Preserved whole kumquats No. 1 .............................. 7
Kumquat preserves No. 2 ................................... 8
Grapefruit preserves ...................................... 8
Sour orange preserves ...................................... 9
Florida conserve ......................................... 9
Sweet pickles from citrus fruits ............................. 10

MARMALADES .................. .................................. 10
Sunshine marmalade ........................ ..... .......... 10
Pectin test ............................ .. .............. 10
Sour orange marmalade .................. ............... 11
Sweet orange marmalade ... ................................. 11
Orange marmalade ...................................... 12
Combination marmalade .................................. 12
Orange and lemon marmalade ................................ 12
Grapefruit marmalade No. 1 ............................... 13
Grapefruit marmalade No. 2 .................................. 13
Golden Glow marmalade ............... ..................... 13
Lemon marmalade ...........................; ............... 14
Tangelo marmalade .........; ....................... ........ 14
Tangerine marmalade ................................... 14
"Coolidge" tomato citrus marmalade........................... 15
Marmalade stock ............................ ............ 15

JELLIES ......................................................... 16
K um quat jelly ..... ....... .............................. 16
Mint and pectin jelly ................. ...................... 16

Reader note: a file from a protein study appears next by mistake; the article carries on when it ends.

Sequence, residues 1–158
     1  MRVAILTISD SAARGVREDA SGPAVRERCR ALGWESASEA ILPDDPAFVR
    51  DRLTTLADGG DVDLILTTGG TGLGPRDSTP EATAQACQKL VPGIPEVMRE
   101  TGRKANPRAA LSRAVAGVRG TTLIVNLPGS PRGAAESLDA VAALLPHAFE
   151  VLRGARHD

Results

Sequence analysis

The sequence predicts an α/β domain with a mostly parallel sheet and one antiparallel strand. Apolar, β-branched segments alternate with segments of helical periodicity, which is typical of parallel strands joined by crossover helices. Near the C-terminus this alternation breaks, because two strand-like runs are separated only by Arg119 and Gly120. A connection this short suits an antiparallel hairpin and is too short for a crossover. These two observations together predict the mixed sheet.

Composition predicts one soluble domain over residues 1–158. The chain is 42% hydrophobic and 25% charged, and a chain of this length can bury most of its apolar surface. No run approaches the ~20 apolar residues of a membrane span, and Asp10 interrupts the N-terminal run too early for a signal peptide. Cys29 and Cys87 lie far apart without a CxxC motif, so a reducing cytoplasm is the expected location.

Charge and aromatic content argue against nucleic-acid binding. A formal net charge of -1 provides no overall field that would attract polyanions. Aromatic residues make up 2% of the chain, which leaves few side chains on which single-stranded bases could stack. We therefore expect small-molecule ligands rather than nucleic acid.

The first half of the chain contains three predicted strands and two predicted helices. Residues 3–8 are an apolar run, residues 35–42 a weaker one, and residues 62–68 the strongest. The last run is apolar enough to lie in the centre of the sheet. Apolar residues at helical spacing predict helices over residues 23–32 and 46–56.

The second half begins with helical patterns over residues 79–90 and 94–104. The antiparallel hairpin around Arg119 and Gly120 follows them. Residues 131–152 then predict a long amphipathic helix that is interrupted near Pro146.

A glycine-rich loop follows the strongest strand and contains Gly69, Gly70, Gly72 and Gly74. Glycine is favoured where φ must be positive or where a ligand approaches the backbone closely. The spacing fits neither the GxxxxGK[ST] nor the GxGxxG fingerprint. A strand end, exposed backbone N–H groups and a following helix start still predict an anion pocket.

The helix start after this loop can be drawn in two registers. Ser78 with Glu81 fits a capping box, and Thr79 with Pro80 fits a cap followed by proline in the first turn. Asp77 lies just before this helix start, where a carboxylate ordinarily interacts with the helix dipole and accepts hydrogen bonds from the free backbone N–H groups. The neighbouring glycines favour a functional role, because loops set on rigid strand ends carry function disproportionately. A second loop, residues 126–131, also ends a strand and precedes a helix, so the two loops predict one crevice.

Orange pectin ........................................ 16
Sour orange jelly ..................... ..................... 17
Grapefruit jelly .. ....................................... 17

B UTTERS ...................................... ................... 17
Kumquat butter No. 1 and No. 2 ............................... 17
Orange butter .... ............... ................... ... 18
Kumquat jam .......................................... 18
Quick tangerine jam ..................... .................. 18

CRYSTALLIZING CITRUS FRUITS .................................. 19
The crystallizing process .................................... 19
Utilizing the crystallizing syrups .............................. 21
Crystallized whole grapefruit .......... .................. 21
Quick methods of crystallizing for immediate consumption........ 21
Grapefruit peel No. 1 .................. ...................... 21
Grapefruit peel No. 2 ....................................... 22
Grapefruit peel No. 3 ....................................... 22
Grapefruit peel No. 4 ...................................... 23
Ponderosa lemon ....................... ................. 24
Crystallized kumquat chips................................. 24
Crystallized sour orange peel .................................. 24

THE CITRON ................ ....................................... 24

CANNING GRAPEFRUIT ........... .. ................................ 26

JUICE PRESERVATION ................................................. 26
Grapefruit juice ............................................ 26
Orange juice ................................. ............ .. 27
Fruit punch ................................................ 28

"Dost thou know that sweet land